This is a complete step-by-step guide on how to record audio and MIDI tracks at the same time. The method will work with any DAW: Reaper; Cubase; Pro Tools; you can even do this in Garageband.
Although there might be a slight variation in how you change the settings, and how you create new tracks in different software, if you follow the steps below then you too can create your own multi-track recordings.
Watch the video tutorial below, then read on for more detail on how to make your first multi-track midi and audio recordings
Essential Studio Gear
You will need the following:
- an audio interface
- a MIDI controller keyboard (note if you want to record the sound of your piano or music keyboard, you obviously need a keyboard that makes sounds AND has MIDI)
- recording software
- headphones or studio monitors
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Here is the exact recording gear we used for the above video:
- Interface: Focusrite Scarlett 2i4 USB audio interface
- Piano Keyboard: Roland Go Piano
- Studio Headphones: Sony MDR-7506 Headphones
- USB Mic for voiceover: Audio Technica AT2020 USB+ USB Mic
- Recording Software: Reaper DAW recording software
Step 1: Audio Interface Setup
Make sure you have correctly connected up your audio interface, and have checked in the Audio/MIDI setup on your computer that it is correctly installed. If you want to record the sound of your piano or keyboard then connect the audio output of your keyboard (either the line out, aux out or headphone out) to the line inputs of the interface. If you are not sure how, then this post on audio cable types might help.
Step 2: Make the MIDI connection
Most keyboards have a USB MIDI output so you should be able to connect your piano or keyboard directly up to the PC or Mac. Only got MIDI ports? Then you can use a USB MIDI interface. Or if your audio interface has MIDI in and out (for example my Focusrite Scarlett 2i4 has MIDI i/o, then you can use standard MIDI leads to connect your keyboard via your interface.
If at this point you are unsure about the difference between MIDI and Audio, then you can read all about What is MIDI here.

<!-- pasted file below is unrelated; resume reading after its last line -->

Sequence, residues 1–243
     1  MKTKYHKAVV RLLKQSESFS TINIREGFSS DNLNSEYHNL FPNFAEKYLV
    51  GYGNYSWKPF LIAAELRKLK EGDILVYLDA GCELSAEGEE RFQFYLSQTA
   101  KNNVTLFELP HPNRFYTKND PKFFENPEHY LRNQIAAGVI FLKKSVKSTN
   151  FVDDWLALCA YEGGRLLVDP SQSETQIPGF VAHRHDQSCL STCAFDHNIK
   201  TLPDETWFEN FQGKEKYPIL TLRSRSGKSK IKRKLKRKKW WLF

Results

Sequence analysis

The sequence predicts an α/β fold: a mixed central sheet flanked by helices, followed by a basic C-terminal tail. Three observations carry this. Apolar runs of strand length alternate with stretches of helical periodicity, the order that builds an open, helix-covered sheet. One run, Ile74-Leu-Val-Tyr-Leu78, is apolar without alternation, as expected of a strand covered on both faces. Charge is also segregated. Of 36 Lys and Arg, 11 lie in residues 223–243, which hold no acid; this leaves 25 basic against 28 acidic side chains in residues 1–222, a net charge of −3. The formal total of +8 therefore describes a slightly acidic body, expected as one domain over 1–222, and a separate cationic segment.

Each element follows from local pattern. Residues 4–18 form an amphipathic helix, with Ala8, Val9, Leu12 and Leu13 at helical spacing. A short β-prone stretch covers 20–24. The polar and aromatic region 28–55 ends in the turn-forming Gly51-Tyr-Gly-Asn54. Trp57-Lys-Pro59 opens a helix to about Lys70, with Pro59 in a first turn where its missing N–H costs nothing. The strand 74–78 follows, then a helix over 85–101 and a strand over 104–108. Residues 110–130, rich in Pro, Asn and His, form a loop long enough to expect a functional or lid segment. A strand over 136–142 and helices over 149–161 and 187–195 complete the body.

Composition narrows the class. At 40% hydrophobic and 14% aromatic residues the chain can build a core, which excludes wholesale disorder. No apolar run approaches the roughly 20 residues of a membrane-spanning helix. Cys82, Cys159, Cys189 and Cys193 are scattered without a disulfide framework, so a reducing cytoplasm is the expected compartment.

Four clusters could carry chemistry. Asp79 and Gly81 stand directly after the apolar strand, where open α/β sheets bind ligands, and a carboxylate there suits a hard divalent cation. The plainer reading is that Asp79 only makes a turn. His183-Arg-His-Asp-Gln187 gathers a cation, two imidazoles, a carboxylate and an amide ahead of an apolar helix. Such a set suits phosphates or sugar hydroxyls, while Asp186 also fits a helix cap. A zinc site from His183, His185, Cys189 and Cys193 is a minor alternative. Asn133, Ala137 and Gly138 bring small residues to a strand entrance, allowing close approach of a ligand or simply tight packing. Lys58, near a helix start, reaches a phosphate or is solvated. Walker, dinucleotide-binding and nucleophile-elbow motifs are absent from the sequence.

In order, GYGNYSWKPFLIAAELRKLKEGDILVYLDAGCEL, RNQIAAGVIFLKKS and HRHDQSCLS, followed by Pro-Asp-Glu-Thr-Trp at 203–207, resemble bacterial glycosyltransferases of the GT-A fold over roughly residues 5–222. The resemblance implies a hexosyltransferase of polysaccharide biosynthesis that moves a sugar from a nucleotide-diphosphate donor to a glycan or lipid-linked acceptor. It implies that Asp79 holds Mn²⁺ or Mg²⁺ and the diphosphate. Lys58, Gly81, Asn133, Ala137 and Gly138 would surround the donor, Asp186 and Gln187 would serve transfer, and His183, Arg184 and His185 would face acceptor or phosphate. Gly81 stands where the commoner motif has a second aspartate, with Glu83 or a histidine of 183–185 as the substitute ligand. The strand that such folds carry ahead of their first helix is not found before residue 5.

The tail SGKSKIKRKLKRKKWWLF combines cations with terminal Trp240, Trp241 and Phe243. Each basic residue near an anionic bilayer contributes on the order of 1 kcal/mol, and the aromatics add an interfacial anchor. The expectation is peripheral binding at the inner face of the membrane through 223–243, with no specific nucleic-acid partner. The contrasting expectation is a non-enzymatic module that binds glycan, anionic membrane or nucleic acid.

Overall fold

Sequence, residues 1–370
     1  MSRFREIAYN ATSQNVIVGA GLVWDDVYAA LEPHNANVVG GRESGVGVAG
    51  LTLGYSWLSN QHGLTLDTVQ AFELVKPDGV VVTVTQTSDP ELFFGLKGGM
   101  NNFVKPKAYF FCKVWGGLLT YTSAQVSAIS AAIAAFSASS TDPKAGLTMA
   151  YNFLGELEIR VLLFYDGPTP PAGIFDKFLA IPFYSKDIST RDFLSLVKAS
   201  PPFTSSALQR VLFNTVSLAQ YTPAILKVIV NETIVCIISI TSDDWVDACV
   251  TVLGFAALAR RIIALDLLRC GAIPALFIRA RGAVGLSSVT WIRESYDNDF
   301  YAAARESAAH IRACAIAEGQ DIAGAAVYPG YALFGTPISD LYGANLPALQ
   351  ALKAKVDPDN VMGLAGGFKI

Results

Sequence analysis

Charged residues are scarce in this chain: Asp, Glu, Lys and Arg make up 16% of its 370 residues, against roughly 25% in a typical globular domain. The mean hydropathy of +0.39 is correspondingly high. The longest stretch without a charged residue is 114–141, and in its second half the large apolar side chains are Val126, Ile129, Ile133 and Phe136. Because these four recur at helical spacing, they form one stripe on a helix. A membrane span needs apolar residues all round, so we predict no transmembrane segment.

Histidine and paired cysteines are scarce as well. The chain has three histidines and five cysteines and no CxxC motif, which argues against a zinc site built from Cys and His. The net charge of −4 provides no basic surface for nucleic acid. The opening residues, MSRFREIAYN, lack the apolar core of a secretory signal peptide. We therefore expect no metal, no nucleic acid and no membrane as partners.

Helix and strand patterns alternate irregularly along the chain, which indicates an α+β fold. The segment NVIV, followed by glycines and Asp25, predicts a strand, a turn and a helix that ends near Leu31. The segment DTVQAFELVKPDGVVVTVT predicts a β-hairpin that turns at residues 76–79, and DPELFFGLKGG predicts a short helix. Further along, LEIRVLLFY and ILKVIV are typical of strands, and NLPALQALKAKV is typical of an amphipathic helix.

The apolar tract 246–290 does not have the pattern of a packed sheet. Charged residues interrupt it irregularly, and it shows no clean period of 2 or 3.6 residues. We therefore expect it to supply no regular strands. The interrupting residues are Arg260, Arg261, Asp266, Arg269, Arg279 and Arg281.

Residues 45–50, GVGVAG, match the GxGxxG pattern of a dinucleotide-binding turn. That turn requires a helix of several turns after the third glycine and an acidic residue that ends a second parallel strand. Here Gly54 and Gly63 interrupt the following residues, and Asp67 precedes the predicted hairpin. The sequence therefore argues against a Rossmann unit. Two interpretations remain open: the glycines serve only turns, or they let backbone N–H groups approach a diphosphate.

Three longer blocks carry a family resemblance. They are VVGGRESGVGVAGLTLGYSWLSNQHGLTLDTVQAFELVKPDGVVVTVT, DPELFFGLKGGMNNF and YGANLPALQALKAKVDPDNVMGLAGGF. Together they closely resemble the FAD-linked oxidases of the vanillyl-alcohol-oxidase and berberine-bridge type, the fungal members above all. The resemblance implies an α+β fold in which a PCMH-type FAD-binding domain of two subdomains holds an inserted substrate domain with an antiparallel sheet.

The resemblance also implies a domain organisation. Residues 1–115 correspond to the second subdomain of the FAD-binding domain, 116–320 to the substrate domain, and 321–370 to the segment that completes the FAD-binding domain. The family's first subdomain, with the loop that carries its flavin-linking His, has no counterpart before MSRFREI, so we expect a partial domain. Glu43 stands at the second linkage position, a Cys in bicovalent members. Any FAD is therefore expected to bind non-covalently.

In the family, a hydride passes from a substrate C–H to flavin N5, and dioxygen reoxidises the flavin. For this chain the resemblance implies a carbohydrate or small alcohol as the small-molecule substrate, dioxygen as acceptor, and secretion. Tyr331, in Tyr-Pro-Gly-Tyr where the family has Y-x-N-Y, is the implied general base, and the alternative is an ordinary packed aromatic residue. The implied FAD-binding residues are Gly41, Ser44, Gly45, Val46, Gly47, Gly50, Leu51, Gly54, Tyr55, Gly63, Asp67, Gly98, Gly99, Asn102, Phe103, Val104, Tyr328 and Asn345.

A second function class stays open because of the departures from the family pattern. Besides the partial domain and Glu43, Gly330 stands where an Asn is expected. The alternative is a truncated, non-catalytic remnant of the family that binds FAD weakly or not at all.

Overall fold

Step 3: Check the Preferences in your DAW
Open up your DAW recording software (Reaper, Cubase, Garageband, Pro Tools, Ableton ….. etc) and check all the settings to make sure you have correctly enabled your audio interface for audio recording, and your keyboard for MIDI input. For example, in Reaper you navigate in the menu to Reaper -> Preferences. In Garageband, the software will detect your default audio and MIDI connections. Check your Audio/MIDI setup in the Mac settings.
Step 5: Create New Tracks in your Recording Software – one MIDI and one Audio
Create a new MIDI track, and a newaudio track. Check that you have routed the audio output of your interface to the audio track, and the MIDI input to your MIDI track. Assign a virtual instrument to your MIDI track. In Reaper, you can simply double-click to create a new track, then choose the type of input. It will be a MIDI track if you choose MIDI input. It will be an audio track if you choose audio input. In Garageband, if you create a new empty project you will be asked what type of track to create. Once you have created one, you can right-click and add more tracks. Create a Software Instrument track (for MIDI) and an Audio Track (for audio!)
Need to start with something more basic? Then check out our step-by-step guide to make your first home studio recording.
Step 6: Arm Your Tracks
Arm (enable) both the MIDI and the Audio tracks for recording. To do this, you press the red ‘arm’ button on the track. In Garageband, you might have to right-click -> configure track header and check to display the record enable button. Also, note that in Garageband, you should enable the audio track FIRST, and the software instrument track SECOND. For some reason it does not work the other way round.
Then finally, on the main transport bar, hit record …. if everything has been set up correctly then you should find you are will record audio and MIDI tracks simultaneously.
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